By Nate Russell, Disaster Program Manager
Mark Mowrey is a retired nurse and spends much of his time with the American Red Cross plying his skills as a Disaster Health Services volunteer.
When disaster struck Mark’s community in southern Humboldt County this week, Mark donned his Red Cross vest and sprung to action.
Shortly after Mark arrived at the shelter, a woman had registered for assistance who was visibly distraught. As Mark observed her talking with the shelter staff, he could see that she was becoming overwhelmed with worry so he did exactly what he did with his patients in his former job as a nurse. He sat down with her and asked her to tell her story.
The 6.4-magnitude earthquake had shaken a pipe free from her water heater and had started to leak water all over her basement. For some, this might be a minor inconvenience and a quick fix, but for a disaster evacuee, there are myriad invisible compounding stressors that can make even the smallest problems seem daunting.
“I’ve done it many times in the ER and in the Red Cross,” Mark said. “Asking people to tell their story relieves some of that pressure that they are feeling. It allows them to vent, to process, and to problem solve.”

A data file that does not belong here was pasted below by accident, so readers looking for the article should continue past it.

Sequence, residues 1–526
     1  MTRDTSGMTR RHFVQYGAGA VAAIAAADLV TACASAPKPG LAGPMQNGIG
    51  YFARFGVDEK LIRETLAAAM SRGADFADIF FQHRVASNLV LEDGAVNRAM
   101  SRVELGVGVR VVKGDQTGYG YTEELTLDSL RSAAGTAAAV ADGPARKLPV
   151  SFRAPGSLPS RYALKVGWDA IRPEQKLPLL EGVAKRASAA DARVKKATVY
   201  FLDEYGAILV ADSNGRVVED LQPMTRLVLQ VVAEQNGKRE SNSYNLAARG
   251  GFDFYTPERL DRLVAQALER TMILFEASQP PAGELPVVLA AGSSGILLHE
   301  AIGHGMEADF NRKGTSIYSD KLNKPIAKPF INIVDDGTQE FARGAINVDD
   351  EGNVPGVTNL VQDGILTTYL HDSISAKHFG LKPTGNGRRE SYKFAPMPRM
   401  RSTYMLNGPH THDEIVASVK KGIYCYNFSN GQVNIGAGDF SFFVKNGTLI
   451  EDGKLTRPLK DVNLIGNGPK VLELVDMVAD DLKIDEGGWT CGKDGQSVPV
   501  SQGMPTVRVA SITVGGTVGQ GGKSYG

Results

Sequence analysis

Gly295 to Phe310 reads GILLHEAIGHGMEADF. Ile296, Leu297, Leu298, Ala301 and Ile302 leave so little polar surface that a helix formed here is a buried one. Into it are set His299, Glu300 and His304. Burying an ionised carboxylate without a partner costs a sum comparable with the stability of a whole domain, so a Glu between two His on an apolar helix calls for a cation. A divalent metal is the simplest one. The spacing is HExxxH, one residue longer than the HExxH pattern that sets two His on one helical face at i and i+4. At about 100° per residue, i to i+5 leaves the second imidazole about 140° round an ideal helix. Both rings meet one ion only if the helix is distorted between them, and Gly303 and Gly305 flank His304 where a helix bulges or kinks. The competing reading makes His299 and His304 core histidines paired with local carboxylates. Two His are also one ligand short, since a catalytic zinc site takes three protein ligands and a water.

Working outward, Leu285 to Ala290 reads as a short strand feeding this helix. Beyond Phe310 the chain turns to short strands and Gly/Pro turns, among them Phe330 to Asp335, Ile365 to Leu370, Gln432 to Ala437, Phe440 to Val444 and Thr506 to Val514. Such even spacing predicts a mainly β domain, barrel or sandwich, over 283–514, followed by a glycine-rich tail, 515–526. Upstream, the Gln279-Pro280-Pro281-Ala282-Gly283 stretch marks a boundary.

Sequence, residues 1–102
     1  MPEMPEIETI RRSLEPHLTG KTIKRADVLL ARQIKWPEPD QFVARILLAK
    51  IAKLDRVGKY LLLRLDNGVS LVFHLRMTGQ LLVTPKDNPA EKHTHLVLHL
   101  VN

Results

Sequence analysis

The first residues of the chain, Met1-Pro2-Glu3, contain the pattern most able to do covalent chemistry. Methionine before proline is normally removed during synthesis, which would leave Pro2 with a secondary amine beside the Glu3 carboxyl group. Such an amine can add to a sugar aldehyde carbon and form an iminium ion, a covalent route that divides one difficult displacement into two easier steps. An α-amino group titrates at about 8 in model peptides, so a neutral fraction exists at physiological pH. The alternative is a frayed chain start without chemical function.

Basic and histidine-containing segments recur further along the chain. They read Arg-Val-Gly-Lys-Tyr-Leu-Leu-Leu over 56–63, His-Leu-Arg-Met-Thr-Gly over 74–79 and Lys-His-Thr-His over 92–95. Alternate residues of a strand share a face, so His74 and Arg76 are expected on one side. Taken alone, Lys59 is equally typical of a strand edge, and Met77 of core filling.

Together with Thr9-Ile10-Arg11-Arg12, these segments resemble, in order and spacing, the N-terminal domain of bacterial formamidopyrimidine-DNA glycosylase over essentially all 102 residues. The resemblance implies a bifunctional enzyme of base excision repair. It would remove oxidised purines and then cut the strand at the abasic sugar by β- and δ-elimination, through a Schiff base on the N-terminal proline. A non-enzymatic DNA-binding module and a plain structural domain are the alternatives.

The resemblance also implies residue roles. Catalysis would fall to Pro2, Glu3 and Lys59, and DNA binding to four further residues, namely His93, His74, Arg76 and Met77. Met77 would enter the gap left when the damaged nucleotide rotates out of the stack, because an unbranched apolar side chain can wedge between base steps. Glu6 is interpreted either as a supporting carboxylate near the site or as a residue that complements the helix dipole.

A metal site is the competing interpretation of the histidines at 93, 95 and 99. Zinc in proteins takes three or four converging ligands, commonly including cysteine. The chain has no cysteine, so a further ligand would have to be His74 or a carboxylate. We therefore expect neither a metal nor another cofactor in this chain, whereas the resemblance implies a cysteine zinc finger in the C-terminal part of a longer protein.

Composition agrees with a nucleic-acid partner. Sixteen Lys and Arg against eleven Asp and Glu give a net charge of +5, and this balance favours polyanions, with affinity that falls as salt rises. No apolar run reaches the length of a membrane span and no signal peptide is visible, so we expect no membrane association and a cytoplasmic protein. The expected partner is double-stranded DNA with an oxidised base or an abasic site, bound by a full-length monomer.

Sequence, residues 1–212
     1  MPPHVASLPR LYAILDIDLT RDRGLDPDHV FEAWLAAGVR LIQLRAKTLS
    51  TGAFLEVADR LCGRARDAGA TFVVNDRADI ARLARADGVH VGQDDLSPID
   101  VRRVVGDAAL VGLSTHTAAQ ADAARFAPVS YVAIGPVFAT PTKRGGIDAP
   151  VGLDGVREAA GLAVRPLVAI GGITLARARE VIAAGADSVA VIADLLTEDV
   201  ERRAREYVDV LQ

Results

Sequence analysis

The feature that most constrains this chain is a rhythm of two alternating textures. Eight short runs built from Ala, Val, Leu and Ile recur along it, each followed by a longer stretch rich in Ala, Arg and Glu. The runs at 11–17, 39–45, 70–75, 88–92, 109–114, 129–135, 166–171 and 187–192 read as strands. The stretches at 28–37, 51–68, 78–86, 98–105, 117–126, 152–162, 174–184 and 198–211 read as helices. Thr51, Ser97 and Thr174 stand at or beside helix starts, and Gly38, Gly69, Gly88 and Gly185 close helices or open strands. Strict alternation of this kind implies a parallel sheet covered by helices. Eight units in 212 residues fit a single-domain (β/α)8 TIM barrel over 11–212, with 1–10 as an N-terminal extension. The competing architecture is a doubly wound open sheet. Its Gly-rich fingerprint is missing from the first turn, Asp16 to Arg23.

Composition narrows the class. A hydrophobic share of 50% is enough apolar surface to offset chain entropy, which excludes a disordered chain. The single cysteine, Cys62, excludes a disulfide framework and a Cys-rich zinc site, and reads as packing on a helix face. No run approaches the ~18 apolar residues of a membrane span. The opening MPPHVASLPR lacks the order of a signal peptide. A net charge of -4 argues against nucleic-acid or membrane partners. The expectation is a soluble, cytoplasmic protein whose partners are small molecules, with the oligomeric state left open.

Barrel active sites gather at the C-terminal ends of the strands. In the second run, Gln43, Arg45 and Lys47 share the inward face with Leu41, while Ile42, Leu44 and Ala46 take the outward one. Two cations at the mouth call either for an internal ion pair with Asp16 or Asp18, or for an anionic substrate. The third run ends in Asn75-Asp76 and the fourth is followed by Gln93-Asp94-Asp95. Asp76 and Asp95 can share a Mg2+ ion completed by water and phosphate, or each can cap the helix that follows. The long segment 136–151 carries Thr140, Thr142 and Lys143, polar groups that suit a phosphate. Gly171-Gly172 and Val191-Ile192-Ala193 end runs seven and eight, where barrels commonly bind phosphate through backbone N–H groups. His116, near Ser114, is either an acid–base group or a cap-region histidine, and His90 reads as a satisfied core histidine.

The woman was able to start at the beginning and tell Mark about all the factors, large and small, that were contributing to her stress. It all culminated to a broken water heater that she hadn’t the slightest idea how to fix.
“She told me what kind of water heater she had, so I was able to help her figure out what part she needed, and gave her directions to a local hardware store.”
Armed with a plan and a clear path forward, the evacuee’s spirits were visibly raised as she set out from the shelter.
“That’s what I love about being a nurse and what I love being a Red Cross volunteer,” Mark said. “I love helping people find a pathway to help solve their problems. It feels good to help someone else tackle that overwhelming dilemma so they can take back that sense of control and, well, take a shower!”
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